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Mammograms don't reduce cancer death rates, study finds

Written By Umair Ali on Wednesday, 12 February 2014 | 20:56

Mammograms don't reduce cancer death rates, study finds

Mammograms don't reduce cancer death rates, study finds
LONDON: The research, published Tuesday in the British Medical Journal, is the latest in a series of studies that question the value of annual breast X-rays for pre-menopausal women and whether too many women are being "overdiagnosed" by the popular test.
 
"We found absolutely no benefit in terms of reduction of deaths from the use of mammography," said study leader Dr. Anthony Miller, an epidemiologist at the University of Toronto's Dalla Lana School of Public Health.
 
The controversial finding is unlikely to trigger an immediate change in national screening policies, although it will enliven an already heated debate over screening. Experts have been arguing the merits of breast X-rays since 2009, when a government panel recommended that most women under 50 could safely skip the test. The U.S. Preventive Services Task Force determined that the chances a 40-year-old woman would be diagnosed with invasive breast cancer in the next 10 years was 1.44% and that her odds of dying from it were just 0.19%.
 
However, the breast cancers that strike women in their 40s are often more aggressive, and they account for about 17% of deaths from the disease, according to the American Cancer Society.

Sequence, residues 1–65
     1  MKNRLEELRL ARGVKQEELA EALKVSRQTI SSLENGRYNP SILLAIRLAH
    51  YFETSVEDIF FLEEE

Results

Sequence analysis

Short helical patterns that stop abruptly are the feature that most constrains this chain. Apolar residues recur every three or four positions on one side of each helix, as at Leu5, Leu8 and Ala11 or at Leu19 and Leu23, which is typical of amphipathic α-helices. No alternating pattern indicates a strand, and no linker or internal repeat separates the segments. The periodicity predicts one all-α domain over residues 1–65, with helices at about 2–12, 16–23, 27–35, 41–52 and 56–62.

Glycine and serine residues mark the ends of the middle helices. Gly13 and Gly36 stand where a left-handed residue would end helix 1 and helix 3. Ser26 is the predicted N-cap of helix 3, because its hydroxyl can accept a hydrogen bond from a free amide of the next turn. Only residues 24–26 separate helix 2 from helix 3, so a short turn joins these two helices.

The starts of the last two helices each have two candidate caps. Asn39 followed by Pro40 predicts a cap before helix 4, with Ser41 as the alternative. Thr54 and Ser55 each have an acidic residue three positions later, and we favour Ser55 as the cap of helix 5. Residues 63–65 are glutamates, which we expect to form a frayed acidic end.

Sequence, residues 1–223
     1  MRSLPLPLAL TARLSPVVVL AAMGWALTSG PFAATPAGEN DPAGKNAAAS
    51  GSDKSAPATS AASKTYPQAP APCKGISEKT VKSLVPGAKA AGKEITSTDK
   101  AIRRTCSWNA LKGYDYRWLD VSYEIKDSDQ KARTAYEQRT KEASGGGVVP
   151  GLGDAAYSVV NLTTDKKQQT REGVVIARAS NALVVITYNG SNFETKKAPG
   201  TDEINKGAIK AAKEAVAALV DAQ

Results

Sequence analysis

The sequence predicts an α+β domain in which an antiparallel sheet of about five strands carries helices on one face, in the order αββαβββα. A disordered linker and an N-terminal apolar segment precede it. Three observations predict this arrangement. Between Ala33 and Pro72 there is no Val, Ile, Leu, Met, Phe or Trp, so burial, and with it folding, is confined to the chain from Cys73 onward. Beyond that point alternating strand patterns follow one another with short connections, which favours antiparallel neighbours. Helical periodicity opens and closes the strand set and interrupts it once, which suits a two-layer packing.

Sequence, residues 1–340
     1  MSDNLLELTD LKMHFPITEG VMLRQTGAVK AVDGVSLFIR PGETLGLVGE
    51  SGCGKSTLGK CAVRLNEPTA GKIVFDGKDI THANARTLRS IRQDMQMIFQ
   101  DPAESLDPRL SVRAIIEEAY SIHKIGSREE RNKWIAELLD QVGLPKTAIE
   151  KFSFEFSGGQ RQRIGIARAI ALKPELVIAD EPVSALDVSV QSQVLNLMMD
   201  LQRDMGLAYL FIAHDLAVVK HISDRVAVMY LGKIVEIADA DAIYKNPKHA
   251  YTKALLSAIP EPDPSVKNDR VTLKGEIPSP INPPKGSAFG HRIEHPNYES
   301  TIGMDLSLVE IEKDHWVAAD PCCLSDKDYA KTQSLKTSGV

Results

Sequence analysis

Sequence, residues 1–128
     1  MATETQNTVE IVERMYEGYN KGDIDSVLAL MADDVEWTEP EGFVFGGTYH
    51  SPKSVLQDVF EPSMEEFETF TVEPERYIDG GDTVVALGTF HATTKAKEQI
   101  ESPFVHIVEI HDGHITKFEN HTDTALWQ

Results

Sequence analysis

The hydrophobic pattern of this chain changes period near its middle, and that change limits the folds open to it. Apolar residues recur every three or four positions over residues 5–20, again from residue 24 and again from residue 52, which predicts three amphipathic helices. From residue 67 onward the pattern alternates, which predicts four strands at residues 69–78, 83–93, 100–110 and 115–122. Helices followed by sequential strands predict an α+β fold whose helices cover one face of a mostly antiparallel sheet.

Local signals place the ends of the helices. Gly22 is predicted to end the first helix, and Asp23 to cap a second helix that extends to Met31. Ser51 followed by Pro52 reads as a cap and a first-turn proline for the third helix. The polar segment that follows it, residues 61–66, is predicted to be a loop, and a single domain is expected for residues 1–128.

The ACS and the American College of Obstetricians and Gynecologists recommend annual mammograms for women beginning at age 40, and the National Cancer Institute advises women in their 40s to have the test once every year or two. The Canadian Task Force on Preventive Health Care advises women to have mammograms every two to three years between the ages of 50 and 74.
 
The British Medical Journal report, based on data from the Canadian National Breast Screening Study, argues that mammography all too often finds small cancers that would never become dangerous if left alone. Roughly half of all cancers found by mammography — yet undetected through physical examination — fell into this category, the study authors wrote.
 
The researchers examined the medical records of 89,835 women in six Canadian provinces between the ages of 40 and 59. All of the trial participants received annual physical breast examinations, while half of them also had yearly mammogram screenings for five years, beginning in 1980.
 
Over the next 25 years, 3,250 of the 44,925 women in the mammography arm of the study were diagnosed with breast cancer, along with 3,133 of the 44,910 women in the control group. In addition, 500 patients in the mammography group died of breast cancer, as did 505 women in the control group.
 
The researchers found that women who got mammograms were more likely to be diagnosed with breast cancer, but that the test did not reduce their risk of dying from the disease.
 
The research team calculated that 22% of the cancers found on mammograms were overdiagnosed. That means that for every 424 women who were screened, one received unnecessary cancer treatment.
 
The study did not address the use of mammography as a diagnostic tool, which most experts agree is valuable.
 
In light of their findings, Miller and his colleagues concluded, "The rationale for screening by mammography should be urgently reassessed by policymakers."